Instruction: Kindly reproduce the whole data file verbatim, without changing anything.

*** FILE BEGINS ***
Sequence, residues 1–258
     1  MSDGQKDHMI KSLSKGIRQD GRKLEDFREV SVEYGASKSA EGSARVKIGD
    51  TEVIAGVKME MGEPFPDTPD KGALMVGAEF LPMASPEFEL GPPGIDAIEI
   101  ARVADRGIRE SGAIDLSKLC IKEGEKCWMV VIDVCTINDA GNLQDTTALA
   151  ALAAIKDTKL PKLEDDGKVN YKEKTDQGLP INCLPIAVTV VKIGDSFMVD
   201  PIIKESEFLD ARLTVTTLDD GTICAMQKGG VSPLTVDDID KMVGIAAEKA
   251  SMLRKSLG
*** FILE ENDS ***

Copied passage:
Sequence, residues 1–258
     1  MSDGQKDHMI KSLSKGIRQD GRKLEDFREV SVEYGASKSA EGSARVKIGD
    51  TEVIAGVKME MGEPFPDTPD KGALMVGAEF LPMASPEFEL GPPGIDAIEI
   101  ARVADRGIRE SGAIDLSKLC IKEGEKCWMV VIDVCTINDA GNLQDTTALA
   151  ALAAIKDTKL PKLEDDGKVN YKEKTDQGLP INCLPIAVTV VKIGDSFMVD
   201  PIIKESEFLD ARLTVTTLDD GTICAMQKGG VSPLTVDDID KMVGIAAEKA
   251  SMLRKSLG